Catholics at several parishes throughout the archdiocese are hearing something new at Mass.
As some pastors take Archbishop Edwin F. O’Brien up on his offer to allow the early introduction of the musical settings of the new English translation of the Roman Missal, parishes have begun rolling out new versions of the Gloria, Holy Holy and eucharistic acclamations.
The archbishop allowed parishes to introduce the settings in September – several months earlier than the planned Nov. 27 launch at the start of Advent – as a way of familiarizing them with the music. Since the Gloria is not sung during Advent, with the exception of the feast of the Immaculate Conception, Catholics would have otherwise not been exposed to the new Gloria until Christmas.
Parishes still have the option of waiting until Nov. 27 to introduce the new music at the same time other changes in the wording of the liturgy will be implemented.
Music publishers are offering several new settings of the new translation. Some have simply reworked already-existing settings, while others have composed completely new musical arrangements.
Berta Sabrio, director of liturgy and music at St. Francis in Fulton and acting director of the Baltimore chapter of National Pastoral Musicians, is pleased to be able to choose from many different settings.
“What I’m hearing is that we are such a diverse archdiocese, that it would have been catastrophic to only have had one or two settings to pick from,” she said.
Sabrio expects that it will take some time before one musical setting becomes the “common denominator” among parishes, much as Marty Haugen’s “Mass of Creation.”
“I don’t think we can force it,” she explained. “I think that it will happen naturally. No one said everyone has to use Mass of Creation. It just happened.”
St. Francis will begin using the revised setting of the Mass of the Angels and Saints by Steve Janco Sept. 18, starting with the Gospel acclamation, Memorial acclamation, Amen and Lamb of God. On Oct. 2, the Holy Holy will be added, followed by the Gloria on Oct. 23.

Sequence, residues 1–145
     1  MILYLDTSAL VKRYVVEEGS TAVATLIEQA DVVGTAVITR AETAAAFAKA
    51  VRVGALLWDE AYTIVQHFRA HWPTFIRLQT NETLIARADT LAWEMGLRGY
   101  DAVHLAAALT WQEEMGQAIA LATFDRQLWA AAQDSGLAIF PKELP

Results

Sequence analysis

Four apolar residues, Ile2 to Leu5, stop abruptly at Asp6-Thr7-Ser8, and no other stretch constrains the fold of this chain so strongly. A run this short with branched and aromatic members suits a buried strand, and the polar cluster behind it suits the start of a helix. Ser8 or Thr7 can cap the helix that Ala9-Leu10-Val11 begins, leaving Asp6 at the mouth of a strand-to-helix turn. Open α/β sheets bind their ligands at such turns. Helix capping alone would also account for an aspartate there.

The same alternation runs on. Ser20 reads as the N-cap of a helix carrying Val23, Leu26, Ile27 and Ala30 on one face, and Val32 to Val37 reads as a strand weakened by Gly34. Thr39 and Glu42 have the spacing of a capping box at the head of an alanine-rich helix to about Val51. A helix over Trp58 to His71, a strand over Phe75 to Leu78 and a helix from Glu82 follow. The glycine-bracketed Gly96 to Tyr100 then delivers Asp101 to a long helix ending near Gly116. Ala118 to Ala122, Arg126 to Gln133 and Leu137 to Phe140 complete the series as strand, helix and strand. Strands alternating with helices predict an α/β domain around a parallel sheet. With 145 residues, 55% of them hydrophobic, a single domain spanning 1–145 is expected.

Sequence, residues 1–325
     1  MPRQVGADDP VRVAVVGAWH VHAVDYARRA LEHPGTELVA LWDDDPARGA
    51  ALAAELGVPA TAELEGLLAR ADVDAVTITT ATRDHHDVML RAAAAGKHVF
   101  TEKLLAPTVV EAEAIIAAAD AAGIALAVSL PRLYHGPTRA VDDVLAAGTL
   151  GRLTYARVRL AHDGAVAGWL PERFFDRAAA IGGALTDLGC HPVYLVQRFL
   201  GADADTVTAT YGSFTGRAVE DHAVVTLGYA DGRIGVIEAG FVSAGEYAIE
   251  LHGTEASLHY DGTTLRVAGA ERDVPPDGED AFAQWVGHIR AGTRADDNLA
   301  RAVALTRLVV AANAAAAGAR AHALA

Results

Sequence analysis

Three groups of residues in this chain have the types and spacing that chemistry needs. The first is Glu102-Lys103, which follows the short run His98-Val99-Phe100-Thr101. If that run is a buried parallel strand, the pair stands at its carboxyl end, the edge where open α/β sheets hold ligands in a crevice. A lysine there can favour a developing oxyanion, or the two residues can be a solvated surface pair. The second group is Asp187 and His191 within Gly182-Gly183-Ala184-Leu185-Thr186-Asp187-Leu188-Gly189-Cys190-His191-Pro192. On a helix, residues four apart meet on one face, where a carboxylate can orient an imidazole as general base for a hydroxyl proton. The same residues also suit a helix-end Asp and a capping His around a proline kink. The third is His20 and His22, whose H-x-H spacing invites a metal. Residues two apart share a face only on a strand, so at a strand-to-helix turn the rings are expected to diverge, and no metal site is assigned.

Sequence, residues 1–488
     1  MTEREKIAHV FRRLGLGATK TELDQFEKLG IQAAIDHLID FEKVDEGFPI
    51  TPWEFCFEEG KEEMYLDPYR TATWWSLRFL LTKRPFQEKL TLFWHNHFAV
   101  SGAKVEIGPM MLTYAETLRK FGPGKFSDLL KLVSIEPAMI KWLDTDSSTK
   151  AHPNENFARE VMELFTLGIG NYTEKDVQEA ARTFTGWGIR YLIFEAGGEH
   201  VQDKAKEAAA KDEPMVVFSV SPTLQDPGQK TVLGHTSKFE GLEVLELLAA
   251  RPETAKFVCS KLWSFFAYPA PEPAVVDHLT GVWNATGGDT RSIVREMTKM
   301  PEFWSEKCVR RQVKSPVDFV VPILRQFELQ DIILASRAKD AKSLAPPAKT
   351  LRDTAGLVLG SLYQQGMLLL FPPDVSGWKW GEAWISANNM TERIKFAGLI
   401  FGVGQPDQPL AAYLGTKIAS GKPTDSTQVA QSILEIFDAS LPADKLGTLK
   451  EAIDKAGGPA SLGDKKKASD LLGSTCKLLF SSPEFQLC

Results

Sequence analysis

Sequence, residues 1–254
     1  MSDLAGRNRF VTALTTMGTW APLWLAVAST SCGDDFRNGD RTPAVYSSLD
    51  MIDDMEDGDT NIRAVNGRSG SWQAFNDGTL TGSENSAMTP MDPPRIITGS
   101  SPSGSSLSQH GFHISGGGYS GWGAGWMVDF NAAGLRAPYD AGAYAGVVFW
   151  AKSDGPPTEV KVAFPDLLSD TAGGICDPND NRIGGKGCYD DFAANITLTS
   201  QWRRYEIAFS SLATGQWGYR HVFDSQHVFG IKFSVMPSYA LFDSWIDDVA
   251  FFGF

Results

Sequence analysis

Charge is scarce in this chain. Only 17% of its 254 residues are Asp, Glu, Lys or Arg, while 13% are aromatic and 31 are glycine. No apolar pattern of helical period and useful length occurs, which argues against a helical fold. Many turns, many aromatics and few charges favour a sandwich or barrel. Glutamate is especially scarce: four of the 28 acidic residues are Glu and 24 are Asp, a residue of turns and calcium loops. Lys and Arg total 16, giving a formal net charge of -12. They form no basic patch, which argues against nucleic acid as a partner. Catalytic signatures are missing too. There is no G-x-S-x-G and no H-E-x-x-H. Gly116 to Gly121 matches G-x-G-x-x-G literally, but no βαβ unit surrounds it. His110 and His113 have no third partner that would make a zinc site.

Sabrio acknowledged that it will take time for congregations to become comfortable with the new language. During a recent practice session, members of her choir sang the new Holy, Holy four times – and on each occasion, someone sang the words incorrectly even though they were right in front of them.
“It’s going to take some getting used to,” Sabrio said. “Like everything else, we will adapt and do what we need to do to enhance our worship.”
Monsignor Damien Nalepa, pastor of St. Gregory the Great in Baltimore, said his parishioners have already started practicing the new Gloria.
“It went over very well,” he said. “The words seemed to have a deeper meaning. Our people were open to it. Once we got permission to introduce the music earlier, there was an interest and an enthusiasm. That was very good.”
Monsignor Nalepa hopes the new words and music together “will create a very warm and inviting atmosphere.”
Brendan Walls, music director of St Elizabeth Ann Seton in Crofton, said his music ministers are learning the new Gloria from the revised Mass of Light by David Haas.
“The whole parish has been singing the present version with faith and fervor for years,” he said, “and I don’t want us to lose the momentum just because a few words have changed.”
The parish will later learn the new settings of the Holy Holy, Glory to God and memorial acclamations from the Mass of Creation.
Stephen Lay, music director at Church of the Resurrection in Ellicott City, has composed an original musical setting of the new translation.
“I had set the old Glory to God to music and we have used it for a few years,” he said. “This time, I wanted to try and set the whole thing. My first inclination was to adapt the Glory that I had previously written. But the text is so different that I found that to be very difficult and it was going to really change it so much that I decided to start new.”
Lay incorporated similar motives, melodies, harmonies and/or rhythms throughout the setting to create a sense of cohesiveness and assist people in their learning/singing of the Mass parts, he said.
“The Gospel acclamation, the Holy, Holy, Holy, the mystery of faith and the Great Amen all borrow different aspects of the Glory to God,” he said of his composition. “In addition to that, they are all in the same key and time signature.”
Resurrection began using Lay’s Gospel acclamation/alleluia; the melody of which is taken from the beginning of the Glory to God. In September, the parish introduced Lay’s Holy Holy Holy, the Mystery of Faith, the Great Amen and the Lamb of God. In October, the Gloria will be introduced.
“It is my hope that after the people have gotten used to singing these much shorter pieces,” Lay explained, “they will be able to put it together (along with some other material) into the much longer Glory to God. Then they will have approximately 6-7 weeks of singing, and then will hopefully be prepared for Dec. 8, Christmas and beyond.”